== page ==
The Trans-Siberian Railway is a testament to human endeavour and its effort to battle harsh weather conditions to lay the world’s longest railway network in the world. This vast rail network connects Russia’s capital Moscow to its easternmost city, Vladivostok, located on the coast of the East China Sea. Its overall length is 9,289 kilometres and is still expanding to include the far eastern reaches of Russia. Such incredible is the railway network, that it branches into Mongolia, China, and North Korea. Commissioned as a royal project and overseen by Russian ministers appointed by Tsar Alexander III and Tsar Nicholas II, this mammoth engineering project was completed between 1891 to 1916, and forms the key mode of communication and transportation that connects the extreme ends of Russia.
Trans-Siberian Railway – Ultimate Train Journey
The Trans-Siberian Railway network offers you three railway routes – Moscow to Vladivostok, Moscow to Beijing via Mongolia and Moscow to China via Manchuria.
The Moscow to Vladivostok line is generally catered by the train Rossiya. The train number 1 travels westbound, while train number 2 goes eastbound. The complete journey from Moscow to Vladivostok takes 6 nights, and passes through the Russian cities of Vladimir, Nizhny Novgorod, Kirov, Perm, Ekaterinburg, Tyumen, Omsk, Novosibirsk, Krasnoyarsk, Angarsk, Irkutsk, Baikalsk, Ulan-Ude, Chita, Birobidzhan, Khabarovsk and Vladivostok.
The Trans-Mongolian line is the most coveted travel route out of the three train routes. Train 4 travels eastbound while train 3 goes westbound. The weekly Moscow to Beijing via Mongolia (Train 4) leaves the Russian capital on every Tuesday night, while train 3 leaves the Chinese capital on every Wednesday morning. The journey takes 6 nights and covers an incredible length of 7,621 kilometres.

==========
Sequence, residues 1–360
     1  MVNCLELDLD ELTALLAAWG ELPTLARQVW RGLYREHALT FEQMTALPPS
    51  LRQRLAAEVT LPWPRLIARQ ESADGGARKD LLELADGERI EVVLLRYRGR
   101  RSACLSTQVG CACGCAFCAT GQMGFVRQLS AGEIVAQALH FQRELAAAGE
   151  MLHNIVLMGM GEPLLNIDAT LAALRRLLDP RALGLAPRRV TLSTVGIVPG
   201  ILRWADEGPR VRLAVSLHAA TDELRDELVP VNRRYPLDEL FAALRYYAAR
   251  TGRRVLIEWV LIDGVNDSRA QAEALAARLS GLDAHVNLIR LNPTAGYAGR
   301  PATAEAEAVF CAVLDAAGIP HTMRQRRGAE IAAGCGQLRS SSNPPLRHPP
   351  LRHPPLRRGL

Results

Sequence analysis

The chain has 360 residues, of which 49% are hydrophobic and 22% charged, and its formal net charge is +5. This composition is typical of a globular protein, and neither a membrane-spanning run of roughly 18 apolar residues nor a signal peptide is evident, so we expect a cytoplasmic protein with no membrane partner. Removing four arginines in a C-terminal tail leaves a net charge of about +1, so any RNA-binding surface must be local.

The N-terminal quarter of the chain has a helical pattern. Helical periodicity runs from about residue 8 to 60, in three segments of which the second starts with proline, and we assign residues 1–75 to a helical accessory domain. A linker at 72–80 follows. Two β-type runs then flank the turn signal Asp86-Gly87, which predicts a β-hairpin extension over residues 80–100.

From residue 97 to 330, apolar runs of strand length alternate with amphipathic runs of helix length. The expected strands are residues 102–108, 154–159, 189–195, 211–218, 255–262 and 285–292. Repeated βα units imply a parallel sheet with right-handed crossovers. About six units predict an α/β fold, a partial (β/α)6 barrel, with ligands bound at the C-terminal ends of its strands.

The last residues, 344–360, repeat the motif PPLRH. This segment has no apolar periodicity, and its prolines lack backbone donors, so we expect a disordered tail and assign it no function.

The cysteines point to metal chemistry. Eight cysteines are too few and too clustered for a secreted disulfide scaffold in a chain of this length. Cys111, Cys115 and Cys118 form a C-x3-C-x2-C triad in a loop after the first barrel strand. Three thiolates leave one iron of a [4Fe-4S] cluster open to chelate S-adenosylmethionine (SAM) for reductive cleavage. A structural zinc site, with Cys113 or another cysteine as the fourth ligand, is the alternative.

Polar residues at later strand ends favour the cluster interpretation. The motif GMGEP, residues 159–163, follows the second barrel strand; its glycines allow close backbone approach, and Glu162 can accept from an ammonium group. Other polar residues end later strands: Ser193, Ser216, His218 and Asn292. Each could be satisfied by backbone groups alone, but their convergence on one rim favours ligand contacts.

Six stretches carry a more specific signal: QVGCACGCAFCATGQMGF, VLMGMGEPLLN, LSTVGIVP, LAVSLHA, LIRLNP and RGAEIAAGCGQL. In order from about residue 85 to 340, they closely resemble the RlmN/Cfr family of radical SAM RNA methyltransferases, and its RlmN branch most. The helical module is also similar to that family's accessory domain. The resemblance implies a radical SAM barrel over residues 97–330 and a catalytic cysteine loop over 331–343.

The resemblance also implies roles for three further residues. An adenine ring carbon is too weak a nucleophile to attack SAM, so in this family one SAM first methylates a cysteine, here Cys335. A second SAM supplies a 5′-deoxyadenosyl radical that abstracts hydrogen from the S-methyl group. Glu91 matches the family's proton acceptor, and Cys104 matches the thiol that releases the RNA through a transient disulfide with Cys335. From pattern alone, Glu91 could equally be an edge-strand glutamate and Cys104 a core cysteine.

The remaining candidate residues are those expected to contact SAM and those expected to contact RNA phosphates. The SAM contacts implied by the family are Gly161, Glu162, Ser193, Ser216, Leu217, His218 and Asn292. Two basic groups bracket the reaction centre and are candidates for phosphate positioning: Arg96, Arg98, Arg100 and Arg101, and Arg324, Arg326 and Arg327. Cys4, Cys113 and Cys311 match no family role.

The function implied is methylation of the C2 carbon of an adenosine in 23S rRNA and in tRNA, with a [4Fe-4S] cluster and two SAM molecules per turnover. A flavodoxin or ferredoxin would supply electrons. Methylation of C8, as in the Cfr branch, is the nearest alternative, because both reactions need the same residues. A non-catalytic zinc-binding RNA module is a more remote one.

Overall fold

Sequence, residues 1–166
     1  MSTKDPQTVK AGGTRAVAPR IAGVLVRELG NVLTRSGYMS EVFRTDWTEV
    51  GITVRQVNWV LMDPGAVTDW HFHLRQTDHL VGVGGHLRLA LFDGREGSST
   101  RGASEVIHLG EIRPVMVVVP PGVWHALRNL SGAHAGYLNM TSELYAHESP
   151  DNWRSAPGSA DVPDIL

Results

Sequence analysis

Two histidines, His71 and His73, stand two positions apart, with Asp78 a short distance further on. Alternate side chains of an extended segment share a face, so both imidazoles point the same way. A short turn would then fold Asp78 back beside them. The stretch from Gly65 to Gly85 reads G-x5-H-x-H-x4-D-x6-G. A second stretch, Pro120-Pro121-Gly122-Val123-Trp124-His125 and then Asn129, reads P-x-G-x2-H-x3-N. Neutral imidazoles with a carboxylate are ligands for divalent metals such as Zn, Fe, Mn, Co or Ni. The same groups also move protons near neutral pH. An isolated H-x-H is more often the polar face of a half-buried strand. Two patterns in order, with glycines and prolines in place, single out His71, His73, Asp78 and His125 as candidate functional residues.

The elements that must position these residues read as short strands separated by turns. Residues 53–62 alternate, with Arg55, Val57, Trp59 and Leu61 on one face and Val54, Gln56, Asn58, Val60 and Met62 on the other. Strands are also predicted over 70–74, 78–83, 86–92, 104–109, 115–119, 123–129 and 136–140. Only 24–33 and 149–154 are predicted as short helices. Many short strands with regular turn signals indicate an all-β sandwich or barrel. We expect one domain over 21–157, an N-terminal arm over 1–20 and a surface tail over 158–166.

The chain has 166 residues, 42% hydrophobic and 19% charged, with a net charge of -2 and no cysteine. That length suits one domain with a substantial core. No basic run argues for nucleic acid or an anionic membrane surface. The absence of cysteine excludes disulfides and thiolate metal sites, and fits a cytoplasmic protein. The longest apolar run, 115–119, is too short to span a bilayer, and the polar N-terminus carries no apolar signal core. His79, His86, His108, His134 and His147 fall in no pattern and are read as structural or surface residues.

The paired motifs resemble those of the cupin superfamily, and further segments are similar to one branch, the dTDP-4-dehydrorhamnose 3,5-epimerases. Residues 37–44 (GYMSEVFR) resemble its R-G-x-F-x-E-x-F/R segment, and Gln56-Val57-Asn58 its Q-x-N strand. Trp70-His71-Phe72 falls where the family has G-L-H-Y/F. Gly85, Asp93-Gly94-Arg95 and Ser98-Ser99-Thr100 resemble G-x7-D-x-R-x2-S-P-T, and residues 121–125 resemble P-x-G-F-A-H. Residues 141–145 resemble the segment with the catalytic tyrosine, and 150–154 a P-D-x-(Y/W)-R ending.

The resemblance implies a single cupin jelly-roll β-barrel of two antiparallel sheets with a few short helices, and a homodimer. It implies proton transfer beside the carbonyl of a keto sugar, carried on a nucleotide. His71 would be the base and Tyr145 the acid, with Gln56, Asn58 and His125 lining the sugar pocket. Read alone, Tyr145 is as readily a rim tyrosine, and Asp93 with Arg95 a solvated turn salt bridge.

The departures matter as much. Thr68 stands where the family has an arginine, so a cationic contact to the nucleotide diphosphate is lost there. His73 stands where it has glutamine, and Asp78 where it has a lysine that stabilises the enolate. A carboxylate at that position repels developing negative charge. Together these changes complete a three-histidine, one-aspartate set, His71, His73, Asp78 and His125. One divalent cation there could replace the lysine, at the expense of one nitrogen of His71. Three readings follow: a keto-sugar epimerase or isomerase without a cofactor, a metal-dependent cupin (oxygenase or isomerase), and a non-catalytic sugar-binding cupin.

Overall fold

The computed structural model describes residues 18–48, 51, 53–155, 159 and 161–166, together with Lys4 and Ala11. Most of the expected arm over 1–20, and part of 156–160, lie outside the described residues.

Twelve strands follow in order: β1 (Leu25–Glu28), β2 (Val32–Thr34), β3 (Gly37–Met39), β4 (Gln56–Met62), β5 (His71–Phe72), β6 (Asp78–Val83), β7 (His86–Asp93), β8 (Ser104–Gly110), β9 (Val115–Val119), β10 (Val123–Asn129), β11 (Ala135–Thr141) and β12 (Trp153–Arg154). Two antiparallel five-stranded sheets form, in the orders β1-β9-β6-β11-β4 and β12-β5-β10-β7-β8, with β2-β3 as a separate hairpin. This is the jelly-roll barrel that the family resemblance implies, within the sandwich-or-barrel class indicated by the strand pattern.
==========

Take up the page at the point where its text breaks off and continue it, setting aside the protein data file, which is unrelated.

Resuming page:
The Trans-Mongolian Route passes through Siberia, enters Mongolia and winds through the Gobi Desert before entering China. Most of the route in Russia follows the Trans-Siberian line till Ulan-Ude, from where it moves south and passes through the cities of Ulan-Ude, Zaudinskiy, Sayantuy, Zagustay, Gusinoe Ozero, Gusinoe ozero town, Dzhida, Naushki, Sukhbaatar, Darkhan, Ulan-Bataar, Chojr, Dzamin Ude, Erlyan, Datong, and finally reaches Beijing.
The Trans-Manchurian Route is catered by the Vostok. Train number 20 travels eastbound from Moscow and train number 19 travel westbound from Beijing. The Vostok, train 20, leaves Moscow on Saturday nights for Beijing via Manchuria, taking 6 days to cover 8,986 kilometres. Train number 19 leaves Beijing for the Russian capital every Saturday night. The Vostok, stays on the Trans-Siberian line till the city of Chita before turning south.
The Trans-Manchurian Route passes through Chita, Karymskaya, Onon River, Borzya, Zabaikalsk, Manzhouli, Ang’angxi, Harbin, Changchun, Shen’yan, Shanhaiguan, Tianjin and finally reaches Beijing to complete the journey.
Each route has its own merits and charms. The Trans-Siberian Route passes through the vast stretches of South Siberia to reach Vladivostok, the longest continuous train journey on the planet. Along the way it moves through snow covered countryside, cities with grey skies and soviet era buildings to reach Vladivostok.
Trans-Mongolian Route is the most dramatic one. The train runs through the vast Siberian snow covered landscape, enters the desolate and cold Gobi Desert of Mongolia and crosses the Great Wall of China to finally arrive at Beijing.
Trans-Manchurian Route is also very interesting. The train stays on the Trans-Siberian line till the city of Chita. It veers south and enters Manchuria which has some very interesting Chinese cities like Harbin, Shen’yan, Shanhaiguan, Tianjin and Beijing.